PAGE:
What most people don’t understand is that there’s a severe and significant oral fixation. Smokers love to have something in their mouth.
What I’ve told many of my patients after they’ve tried everything is to get a bag of lollipops. The lollipops take care of the oral fixation, and I tell them to get a nicotine patch. And the nicotine patch takes care of the nicotine that their body is craving.
I then tell them to take a picture of their loved one and their wallet. And every time they go to reach for a cigarette reach for a lollipop and take out that picture. Because smokers live 14 years less than non-smokers.
And you should see the look on my patients faces when I ask them if they want to see their children grow up, or if they want to see their kids graduate from college, or get married.
They look at me like I’m crazy, of course they do. I ask them why they’re smoking then? Because if I gave you a knife or a cigarette, you choose the cigarette. But they’re doing the same thing.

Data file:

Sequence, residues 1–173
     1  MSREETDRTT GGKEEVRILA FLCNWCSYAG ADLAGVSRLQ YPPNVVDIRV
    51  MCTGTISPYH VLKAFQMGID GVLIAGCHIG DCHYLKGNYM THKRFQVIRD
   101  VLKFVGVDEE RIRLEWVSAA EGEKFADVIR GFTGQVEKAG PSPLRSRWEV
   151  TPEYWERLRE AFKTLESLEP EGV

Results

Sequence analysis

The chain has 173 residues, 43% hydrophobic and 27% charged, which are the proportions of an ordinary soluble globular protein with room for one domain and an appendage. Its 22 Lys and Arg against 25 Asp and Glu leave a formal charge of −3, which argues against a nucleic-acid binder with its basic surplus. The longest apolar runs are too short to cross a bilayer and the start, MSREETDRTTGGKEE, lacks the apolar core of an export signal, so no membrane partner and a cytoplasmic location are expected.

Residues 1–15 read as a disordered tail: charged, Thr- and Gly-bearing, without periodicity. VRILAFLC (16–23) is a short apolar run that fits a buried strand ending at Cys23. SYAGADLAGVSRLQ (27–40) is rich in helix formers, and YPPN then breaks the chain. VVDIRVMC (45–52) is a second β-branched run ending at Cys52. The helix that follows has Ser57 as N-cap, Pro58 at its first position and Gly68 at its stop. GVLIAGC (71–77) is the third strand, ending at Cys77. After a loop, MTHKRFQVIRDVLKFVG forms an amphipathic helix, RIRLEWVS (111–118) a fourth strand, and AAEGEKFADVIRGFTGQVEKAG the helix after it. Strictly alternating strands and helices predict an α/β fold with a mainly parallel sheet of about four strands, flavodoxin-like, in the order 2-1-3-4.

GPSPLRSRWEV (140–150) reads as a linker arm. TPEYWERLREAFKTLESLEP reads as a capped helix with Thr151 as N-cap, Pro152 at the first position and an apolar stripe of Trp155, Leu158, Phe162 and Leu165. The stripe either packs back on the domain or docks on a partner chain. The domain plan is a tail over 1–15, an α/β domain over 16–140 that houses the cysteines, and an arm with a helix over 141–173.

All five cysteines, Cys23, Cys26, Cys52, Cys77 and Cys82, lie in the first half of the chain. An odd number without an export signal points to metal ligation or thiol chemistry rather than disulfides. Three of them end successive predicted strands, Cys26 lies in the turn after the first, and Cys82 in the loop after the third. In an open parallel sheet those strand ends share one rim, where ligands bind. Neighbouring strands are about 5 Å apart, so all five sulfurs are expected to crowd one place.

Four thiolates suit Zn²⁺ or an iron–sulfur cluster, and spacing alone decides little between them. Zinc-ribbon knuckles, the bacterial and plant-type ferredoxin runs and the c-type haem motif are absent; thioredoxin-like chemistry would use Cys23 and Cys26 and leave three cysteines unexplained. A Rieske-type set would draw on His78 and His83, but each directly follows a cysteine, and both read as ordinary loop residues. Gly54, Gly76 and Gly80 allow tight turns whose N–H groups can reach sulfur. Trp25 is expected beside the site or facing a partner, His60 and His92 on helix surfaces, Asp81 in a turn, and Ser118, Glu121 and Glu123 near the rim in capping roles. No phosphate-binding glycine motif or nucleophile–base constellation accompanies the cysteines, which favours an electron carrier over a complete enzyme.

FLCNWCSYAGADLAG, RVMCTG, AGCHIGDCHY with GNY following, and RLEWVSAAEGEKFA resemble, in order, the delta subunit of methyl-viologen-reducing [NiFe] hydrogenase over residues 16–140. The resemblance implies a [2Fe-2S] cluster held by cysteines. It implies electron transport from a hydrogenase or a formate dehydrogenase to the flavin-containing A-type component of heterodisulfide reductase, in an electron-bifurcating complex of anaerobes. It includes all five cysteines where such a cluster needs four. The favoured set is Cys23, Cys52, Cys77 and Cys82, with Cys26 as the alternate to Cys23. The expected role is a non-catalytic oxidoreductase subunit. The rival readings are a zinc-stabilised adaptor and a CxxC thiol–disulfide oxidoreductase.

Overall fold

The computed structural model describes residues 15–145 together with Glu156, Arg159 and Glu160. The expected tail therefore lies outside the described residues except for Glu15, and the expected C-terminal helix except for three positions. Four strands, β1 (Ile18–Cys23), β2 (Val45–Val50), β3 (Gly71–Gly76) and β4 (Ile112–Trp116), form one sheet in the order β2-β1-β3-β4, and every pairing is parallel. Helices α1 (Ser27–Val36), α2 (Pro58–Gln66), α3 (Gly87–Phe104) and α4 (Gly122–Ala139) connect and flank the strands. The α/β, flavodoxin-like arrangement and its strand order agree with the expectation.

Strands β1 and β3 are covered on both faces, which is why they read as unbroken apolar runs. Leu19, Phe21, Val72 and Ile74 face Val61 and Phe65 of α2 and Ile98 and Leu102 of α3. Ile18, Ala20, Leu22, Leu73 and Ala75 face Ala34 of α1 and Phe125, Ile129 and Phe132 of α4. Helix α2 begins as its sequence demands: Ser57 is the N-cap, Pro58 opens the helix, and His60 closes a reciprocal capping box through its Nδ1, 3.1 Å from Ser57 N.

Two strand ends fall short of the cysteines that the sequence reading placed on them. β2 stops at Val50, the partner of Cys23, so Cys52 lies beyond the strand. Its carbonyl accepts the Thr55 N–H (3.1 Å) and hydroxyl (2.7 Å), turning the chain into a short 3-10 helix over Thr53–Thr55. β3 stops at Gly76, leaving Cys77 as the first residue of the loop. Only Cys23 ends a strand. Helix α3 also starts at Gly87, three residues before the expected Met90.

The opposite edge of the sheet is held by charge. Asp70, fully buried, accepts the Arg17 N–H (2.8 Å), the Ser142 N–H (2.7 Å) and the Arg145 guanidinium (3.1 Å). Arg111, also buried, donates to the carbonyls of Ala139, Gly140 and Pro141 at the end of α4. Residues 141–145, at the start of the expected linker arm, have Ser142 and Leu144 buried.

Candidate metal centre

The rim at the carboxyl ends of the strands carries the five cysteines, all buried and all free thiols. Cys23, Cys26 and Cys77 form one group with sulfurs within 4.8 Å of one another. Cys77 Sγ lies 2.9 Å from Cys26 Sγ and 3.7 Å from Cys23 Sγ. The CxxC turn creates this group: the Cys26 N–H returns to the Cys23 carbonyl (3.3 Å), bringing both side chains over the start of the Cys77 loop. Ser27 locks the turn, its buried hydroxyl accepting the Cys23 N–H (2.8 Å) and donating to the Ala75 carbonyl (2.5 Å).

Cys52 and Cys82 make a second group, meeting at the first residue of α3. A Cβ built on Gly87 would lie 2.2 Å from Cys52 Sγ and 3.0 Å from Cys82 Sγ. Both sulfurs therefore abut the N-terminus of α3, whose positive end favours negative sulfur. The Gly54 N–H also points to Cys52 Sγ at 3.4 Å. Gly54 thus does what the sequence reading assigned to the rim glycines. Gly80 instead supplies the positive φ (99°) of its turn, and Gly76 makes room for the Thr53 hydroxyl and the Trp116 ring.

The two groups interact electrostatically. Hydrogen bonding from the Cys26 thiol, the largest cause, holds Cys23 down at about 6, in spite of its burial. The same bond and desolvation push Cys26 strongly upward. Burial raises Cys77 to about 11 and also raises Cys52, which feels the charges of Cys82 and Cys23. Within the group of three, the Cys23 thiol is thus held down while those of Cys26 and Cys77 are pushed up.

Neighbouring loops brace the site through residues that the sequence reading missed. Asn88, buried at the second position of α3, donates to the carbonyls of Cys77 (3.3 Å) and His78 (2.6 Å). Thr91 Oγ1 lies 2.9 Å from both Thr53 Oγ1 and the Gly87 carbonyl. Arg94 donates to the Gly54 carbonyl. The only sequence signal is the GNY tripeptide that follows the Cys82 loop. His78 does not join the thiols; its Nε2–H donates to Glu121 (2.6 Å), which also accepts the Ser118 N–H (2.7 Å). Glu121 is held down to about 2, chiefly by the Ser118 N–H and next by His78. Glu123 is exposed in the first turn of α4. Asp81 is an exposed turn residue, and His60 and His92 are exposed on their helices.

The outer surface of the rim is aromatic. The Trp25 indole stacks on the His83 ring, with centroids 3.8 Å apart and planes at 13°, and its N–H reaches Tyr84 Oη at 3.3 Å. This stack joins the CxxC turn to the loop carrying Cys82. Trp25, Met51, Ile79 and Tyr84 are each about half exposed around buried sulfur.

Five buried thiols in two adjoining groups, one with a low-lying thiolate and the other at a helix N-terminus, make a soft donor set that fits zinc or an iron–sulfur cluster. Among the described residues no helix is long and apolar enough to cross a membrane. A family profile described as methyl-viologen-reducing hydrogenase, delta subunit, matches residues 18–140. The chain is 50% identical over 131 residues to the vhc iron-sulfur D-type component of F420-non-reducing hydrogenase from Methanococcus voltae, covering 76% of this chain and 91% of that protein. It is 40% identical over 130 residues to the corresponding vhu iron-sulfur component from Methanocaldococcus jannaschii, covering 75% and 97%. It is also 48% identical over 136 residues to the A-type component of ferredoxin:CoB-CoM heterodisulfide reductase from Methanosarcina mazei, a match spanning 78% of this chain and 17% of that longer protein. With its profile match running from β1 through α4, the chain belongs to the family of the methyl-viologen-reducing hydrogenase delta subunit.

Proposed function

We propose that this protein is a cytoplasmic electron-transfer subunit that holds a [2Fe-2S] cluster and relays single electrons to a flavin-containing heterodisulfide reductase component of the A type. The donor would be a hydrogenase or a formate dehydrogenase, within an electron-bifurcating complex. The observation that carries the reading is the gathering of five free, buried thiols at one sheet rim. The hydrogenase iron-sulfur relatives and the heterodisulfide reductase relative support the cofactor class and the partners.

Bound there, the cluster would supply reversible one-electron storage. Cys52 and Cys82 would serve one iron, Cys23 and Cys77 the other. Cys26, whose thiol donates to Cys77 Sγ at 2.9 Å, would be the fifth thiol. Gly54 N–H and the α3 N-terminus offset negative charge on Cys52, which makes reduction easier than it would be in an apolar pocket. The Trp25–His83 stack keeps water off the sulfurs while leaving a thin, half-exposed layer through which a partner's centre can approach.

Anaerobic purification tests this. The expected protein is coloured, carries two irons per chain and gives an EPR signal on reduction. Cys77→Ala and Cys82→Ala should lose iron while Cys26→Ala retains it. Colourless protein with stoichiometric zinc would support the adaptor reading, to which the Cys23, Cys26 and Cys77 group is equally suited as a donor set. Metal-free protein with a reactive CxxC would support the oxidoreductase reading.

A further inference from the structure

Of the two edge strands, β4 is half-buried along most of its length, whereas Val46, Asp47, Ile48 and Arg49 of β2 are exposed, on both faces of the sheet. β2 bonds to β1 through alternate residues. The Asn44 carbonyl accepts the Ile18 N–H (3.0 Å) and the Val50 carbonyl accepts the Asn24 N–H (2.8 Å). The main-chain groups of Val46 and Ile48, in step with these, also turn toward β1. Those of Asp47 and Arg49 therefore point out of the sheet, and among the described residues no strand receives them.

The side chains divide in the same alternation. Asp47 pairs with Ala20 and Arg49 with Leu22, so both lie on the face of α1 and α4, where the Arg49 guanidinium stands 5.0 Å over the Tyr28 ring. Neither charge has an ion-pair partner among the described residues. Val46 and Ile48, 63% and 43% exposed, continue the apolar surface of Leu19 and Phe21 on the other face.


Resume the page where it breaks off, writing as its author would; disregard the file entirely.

Is vaping safer than regular cigarette smoking?
Don’t do either one. We know what smoking does and the verdict is still out on vaping. We know what goes into the cigarette. We know what comes out of the cigarette. We know about the statistics relating lung cancer to cigarettes.
We also know that radon, asbestos, a lot of different things cause lung cancer. As a physician and a thoracic surgeon I cannot help but tell anyone do not put anything into your mouth that goes into your lungs that’s not supposed to be there.
Patients sometimes need to understand how smoking affects their family before they are able to quit
One of the most memorable patients I have was a ex NFL athlete and he smoked. And he smoked while he was in the NFL. And what’s amazing is that he went to his doctor he had an x-ray which showed a spot and a subsequent cat scan which showed a suspicious lesion and he was sent to me to discuss what the options were.